“Please stop.  It’s embarrassing.”

The other members of the cast (Brian Johnson, Steve Lewer, Bailey Murphy, Marisa Tejeda, and director Becka Linder pulling double duty) portray neighbors and garage sale scroungers, and though they provide some of the evening’s best harmonies and slick dance moves, they are also quite bewildering. While I understand the function of them serving as a chorus, Meg Lambert’s script seems intent on keeping them all vague and unspecific, even though they’re onstage nearly all the time, particularly in the first act. None of them are ever allowed a personality of their own. This confusion is unfortunately compounded by the choices director Linder made in staging the production. In the second act, these nondescript neighbors appear again in other costumes. I assumed until late in the action that they were supposed to be the same people who had just raided the clothing boxes at the sale to have a little fun and dress up (a pregnant cheerleader, a pothead, an old woman). In fact, they were actually supposed to be seen as brand new characters. I stumbled as an audience member in part because the characters weren’t individualized to begin with, and the trend just continued with different clothing. Also, a major supporting player who did have a name and personality starts off the second act by playing dress-up with something he found at the garage sale. So when other people also appear in tacky clothing (no offense meant to Patricia Thompson’s costumes—they work well for the non-ensemble members of the company), I assume they’re following the lead of the character that came before them.

“You, too, Brutus?  You, too?”

That character that came before them was Brutus, portrayed by Daniel Flohr. Flohr is another talented standout in this cast but his character was perhaps the most confusing of all. He was waiting in the garage first thing, before even Lucy appeared at the top of the show, rummaging through the junk, clicking the garage door opener to reveal the stash to the neighborhood. At first I thought he might be Lucy’s hunky imaginary friend, but then everyone else began interacting with him, too. Then I thought he might be Lucy and Noah’s son, but then May started fondling him and I thought, “either grandma has absolutely no boundaries, or these two are not related.” Then I just had no clue who Brutus was. A neighbor, I guess, but one that was an unexplained confidante of Lucy’s, and someone who repeatedly provided snarky commentary about the hopeless nature of the folks in the neighborhood, often to their faces. Brutus was a device so the author could have it both ways, both celebrate and undercut the slice of society she was examining. But because, like his fellow neighbors, he didn’t have any clear purpose or personality—despite Flohr’s considerable vocal and dance talents—Brutus remained a cipher. Like many things in Junk Song, he took up a lot of stage time without any clear reason why.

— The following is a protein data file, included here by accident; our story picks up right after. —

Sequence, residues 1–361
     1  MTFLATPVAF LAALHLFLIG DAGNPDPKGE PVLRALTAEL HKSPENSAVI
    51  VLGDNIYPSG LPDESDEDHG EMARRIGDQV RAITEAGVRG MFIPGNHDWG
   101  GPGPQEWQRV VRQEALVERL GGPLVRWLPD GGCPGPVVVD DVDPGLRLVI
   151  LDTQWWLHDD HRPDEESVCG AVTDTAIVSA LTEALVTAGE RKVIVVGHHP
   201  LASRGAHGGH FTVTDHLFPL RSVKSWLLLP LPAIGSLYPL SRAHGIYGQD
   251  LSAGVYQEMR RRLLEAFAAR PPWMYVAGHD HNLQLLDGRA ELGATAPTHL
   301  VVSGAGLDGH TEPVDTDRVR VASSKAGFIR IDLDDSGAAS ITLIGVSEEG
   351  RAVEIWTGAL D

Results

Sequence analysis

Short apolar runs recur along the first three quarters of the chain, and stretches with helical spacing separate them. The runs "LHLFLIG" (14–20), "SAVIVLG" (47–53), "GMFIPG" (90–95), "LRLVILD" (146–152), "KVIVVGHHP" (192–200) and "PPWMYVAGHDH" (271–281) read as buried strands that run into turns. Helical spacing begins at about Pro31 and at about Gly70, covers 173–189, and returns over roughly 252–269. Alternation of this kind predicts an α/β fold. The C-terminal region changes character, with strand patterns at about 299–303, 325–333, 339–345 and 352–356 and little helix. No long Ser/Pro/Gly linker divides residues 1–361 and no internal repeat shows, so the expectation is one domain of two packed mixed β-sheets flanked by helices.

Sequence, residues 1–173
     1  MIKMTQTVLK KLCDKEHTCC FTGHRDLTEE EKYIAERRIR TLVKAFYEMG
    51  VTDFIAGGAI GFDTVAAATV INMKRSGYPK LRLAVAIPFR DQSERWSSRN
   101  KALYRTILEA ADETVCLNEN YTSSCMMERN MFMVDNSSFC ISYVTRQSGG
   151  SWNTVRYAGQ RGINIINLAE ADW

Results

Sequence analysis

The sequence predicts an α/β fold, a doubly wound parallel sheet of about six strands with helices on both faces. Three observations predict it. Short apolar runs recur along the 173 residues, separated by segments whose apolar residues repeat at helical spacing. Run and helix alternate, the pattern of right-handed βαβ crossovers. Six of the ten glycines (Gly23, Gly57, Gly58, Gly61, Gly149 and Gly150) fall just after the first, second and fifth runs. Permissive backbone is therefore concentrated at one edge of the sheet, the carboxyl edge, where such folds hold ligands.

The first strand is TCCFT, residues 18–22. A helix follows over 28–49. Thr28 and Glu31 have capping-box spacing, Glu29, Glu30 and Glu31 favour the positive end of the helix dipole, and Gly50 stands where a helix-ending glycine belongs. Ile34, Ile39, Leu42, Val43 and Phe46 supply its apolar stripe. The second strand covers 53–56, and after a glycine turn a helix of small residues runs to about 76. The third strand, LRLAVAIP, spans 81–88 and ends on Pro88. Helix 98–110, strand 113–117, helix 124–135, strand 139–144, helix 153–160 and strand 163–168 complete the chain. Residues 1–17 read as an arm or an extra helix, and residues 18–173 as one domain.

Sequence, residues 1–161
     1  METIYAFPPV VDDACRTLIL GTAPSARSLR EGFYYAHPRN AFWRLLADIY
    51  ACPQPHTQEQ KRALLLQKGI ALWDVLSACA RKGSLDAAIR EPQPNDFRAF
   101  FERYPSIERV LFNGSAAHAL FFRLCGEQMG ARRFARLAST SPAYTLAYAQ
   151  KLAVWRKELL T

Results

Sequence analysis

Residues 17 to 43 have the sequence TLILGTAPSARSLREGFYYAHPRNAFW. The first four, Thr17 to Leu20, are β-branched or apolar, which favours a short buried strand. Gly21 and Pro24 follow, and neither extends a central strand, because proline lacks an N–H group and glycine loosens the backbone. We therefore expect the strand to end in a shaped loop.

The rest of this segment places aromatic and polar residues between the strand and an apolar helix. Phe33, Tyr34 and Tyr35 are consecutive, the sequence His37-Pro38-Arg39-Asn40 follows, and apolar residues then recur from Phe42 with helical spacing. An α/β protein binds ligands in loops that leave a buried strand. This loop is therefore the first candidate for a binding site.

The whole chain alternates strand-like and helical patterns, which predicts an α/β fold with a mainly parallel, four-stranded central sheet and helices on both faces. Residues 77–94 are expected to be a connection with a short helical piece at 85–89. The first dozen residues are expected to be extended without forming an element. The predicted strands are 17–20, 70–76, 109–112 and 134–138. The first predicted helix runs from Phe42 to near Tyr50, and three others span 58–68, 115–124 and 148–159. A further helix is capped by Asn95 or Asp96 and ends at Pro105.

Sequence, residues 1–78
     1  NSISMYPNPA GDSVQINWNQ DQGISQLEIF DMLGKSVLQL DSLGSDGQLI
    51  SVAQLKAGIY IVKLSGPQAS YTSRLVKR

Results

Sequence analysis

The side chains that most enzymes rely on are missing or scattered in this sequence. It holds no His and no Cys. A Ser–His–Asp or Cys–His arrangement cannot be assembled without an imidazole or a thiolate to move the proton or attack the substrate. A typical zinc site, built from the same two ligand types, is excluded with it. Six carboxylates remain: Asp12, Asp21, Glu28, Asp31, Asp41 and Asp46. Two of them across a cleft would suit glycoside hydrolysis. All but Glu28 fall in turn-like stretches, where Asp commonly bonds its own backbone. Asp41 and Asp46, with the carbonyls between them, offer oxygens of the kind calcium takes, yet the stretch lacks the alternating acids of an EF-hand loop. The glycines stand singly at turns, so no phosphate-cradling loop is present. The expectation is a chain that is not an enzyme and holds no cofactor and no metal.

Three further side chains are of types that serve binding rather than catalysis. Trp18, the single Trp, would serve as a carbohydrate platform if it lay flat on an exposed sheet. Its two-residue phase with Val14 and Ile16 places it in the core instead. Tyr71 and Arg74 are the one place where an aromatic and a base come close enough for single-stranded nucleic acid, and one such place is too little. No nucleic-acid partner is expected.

“One’s a loser. The other one’s just plain lost.”

Which brings us to the notion of stakes. What exactly is the point? What is in jeopardy? Why is the garage sale important? What happens if they fail (and they do fail)? There are hints that Lucy and Noah are hard up for money, but there’s no explanation of why, and no consequences for them failing to raise money off the garage sale. Lucy and Noah’s relationship is in trouble and the garage sale exacerbates that: she wants to clear space (for…?); he is a compulsive hoarder (of…? because…?) Noah has a pipe dream of wanting to run the great Iditarod dog sled race, which Lucy keeps calling the Idiot-rod (classy) but despite an entire production number devoted to it, the audience still doesn’t know why this is Noah’s big life goal. And clearly he doesn’t really care about it, because he makes no clear plans to get there. And what does Lucy want, really? And why? And how does the garage sale help this or stand in its way? If Noah, May, and Tom are all in some way lined up against Lucy’s dreams and desires, what is it she’s fighting for? What happens if she doesn’t get it? What happens if she does? How are these people’s lives fundamentally different at the end of the day than they were at the beginning? And if nothing changes, how is that a commentary on their lives, for good or ill? Junk Song seems to want to be about some, or even all, of this, but it never digs down below the surface and really tells us anything. It’s the outline of something that hasn’t been filled in.

“To tell the truth, I don’t know what I want anymore.”

There’s a curtained-off area of the garage where Noah is stashing all the stuff he just can’t part with. The play makes a big deal of the revelation of what’s behind the curtain not once, but twice. Both times, I looked closely at the conglomeration of stuff which had been hidden away. It was just random junk. No rhyme or reason for why Noah carefully accumulated it over time or what its collective purpose might be. No explanation was given. Just “look at this!” Now, “look at this, again!” And…your point? This turns out to be a useful metaphor for the experience of watching the production as a whole.

“I follow the fools.”

You’re getting over two hours of my life that I’m not going to get back. Dozens of artists devoted their time and efforts to mounting this production. What are you trying to say? Why is it important for you to say it now—in this way, with these characters? Why do you need me to listen? Upscale Theatre Productions is capable of expending a lot of resources to get a play on its feet. Junk Song has taken its first few halting steps. Now that it has learned to walk, where is it going?